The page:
Trial and execution
Starkweather first claimed Fugate was captured by him and had nothing to do with the murders; however, he changed his story several times, finally testifying at Fugate's trial that she was a willing participant. Fugate has always maintained he was holding her hostage by threatening to kill her family, claiming she was unaware they were already dead. Judge Harry A. Spencer did not believe that Fugate was held hostage by Starkweather, as she had many opportunities to escape. Starkweather received the death penalty for the murder of Robert Jensen (the only murder for which he was tried), and Fugate received a life sentence on November 21, 1958. Her sentence was eventually commuted, allowing her to be paroled in June 1976.
Starkweather was executed in the electric chair at the Nebraska State Penitentiary in Lincoln, Nebraska, at 12:01 a.m. on June 25, 1959. Fugate was paroled in June 1976 after serving 18 years at the Nebraska Correctional Center for Women in York, Nebraska. She settled in Lansing, Michigan, where she changed her name and worked as a janitor at a Lansing hospital. Fugate has never married and refuses to speak of the murders. Starkweather is buried in Wyuka Cemetery in Lincoln along with five of his victims: the Bartlett family and the Ward couple.
1.Robert Colvert (21), gas station attendant
2.Marion Bartlett (57), Fugate's stepfather
3.Velda Bartlett (36), Fugate's mother
4.Betty Jean Bartlett (2), Velda and Marion Bartlett's daughter
5.August Meyer (70), Starkweather's family friend
6.Robert Jensen (17), Carol King's boyfriend
7.Carol King (16), Robert Jensen's girlfriend
8.C. Lauer Ward (47), wealthy industrialist
9.Clara Ward (46), C. Lauer Ward's wife
10.Lillian Fencl (51), Clara Ward's maid
11.Merle Collison (37), traveling salesman
Depictions in media
Film and television
The Starkweather-Fugate case inspired the films The Sadist (1963), Badlands (1973), Natural Born Killers (1994) and Starkweather (2004). The made-for-TV movie Murder in the Heartland (1993) is a biographical depiction of Starkweather with Tim Roth in the starring role, while Stark Raving Mad (1983), a film starring Russell Fast and Marcie Severson, provides a fictionalized account of the Starkweather-Fugate murder spree. The 1996 Peter Jackson film The Frighteners features a central plot elements with a Starkweather-inspired killer who goes on a similar murder spree complete with a kidnapped female accomplice. "The Thirteenth Step," the January 11, 2011 episode of Criminal Minds, depicts a North Dakota and Montana newlyweds killing spree similar to the Starkweather-Fugate case.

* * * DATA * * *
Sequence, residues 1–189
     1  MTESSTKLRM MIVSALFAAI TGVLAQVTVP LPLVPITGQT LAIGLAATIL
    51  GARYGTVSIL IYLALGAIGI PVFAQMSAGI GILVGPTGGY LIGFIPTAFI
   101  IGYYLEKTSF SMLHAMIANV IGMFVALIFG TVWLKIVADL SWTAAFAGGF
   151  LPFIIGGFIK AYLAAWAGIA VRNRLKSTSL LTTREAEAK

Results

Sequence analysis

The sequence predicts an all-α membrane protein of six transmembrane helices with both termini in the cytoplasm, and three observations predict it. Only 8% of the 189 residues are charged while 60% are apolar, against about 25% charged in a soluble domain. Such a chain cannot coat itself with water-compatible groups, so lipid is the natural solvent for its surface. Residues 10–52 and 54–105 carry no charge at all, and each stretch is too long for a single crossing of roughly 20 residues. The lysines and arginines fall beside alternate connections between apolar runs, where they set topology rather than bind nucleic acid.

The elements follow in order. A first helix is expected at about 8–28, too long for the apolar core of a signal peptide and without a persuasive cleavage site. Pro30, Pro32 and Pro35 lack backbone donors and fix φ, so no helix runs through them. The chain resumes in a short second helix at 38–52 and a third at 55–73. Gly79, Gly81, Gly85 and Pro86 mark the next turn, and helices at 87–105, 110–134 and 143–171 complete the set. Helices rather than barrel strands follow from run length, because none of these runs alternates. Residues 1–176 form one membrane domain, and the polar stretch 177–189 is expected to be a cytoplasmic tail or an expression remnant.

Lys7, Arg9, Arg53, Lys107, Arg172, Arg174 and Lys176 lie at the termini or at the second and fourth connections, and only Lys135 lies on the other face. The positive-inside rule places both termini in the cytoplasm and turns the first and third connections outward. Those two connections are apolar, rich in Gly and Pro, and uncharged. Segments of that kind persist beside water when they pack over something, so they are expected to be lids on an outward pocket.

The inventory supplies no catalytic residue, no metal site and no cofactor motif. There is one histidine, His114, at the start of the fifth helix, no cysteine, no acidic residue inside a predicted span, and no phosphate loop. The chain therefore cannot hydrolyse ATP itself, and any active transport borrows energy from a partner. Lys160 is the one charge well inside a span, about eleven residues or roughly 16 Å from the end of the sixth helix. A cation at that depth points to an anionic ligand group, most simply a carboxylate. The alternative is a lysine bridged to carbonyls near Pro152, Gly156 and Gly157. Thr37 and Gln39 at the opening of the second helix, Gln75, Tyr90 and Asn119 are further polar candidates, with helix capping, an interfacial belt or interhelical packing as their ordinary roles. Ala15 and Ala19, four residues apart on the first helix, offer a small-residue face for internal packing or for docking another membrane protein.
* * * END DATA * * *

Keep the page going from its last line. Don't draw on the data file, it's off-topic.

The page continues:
The 1974 book Caril is an unauthorized biography of Caril Ann Fugate written by Ninette Beaver. Liza Ward, the granddaughter of victims C. Lauer and Clara Ward, wrote the 2004 novel Outside Valentine, based on the events of the Starkweather-Fugate murders. The 1997 novel Not Comin' Home to You by Lawrence Block fictionally parallels the Starkweather & Fugate spree. Horror author Stephen King was strongly influenced by reading about the Starkweather murders when he was a youth, keeping a scrapbook about them and later creating many variations on Starkweather in his work. Starkweather is said to have been a schoolmate of Randall Flagg in The Stand. King said in later interviews that the character The Kid, who appears in the complete and uncut edition of The Stand, was modeled after Charles Starkweather. King's novella 1922 includes an outlaw couple that share some parallels with Starkweather and Fugate.
Bruce Springsteen's 1982 song "Nebraska" is a first-person narrative based on the Starkweather events; likewise Badlands is full of themes regarding alienation and resentment by the protagonist. The song "Badlands" by Church of Misery on their album Houses of the Unholy centers on the murders and is told from a first-person perspective.
Starkweather was also featured in Billy Joel's song We Didn't Start the Fire under the lyrics Starkweather, Homicide.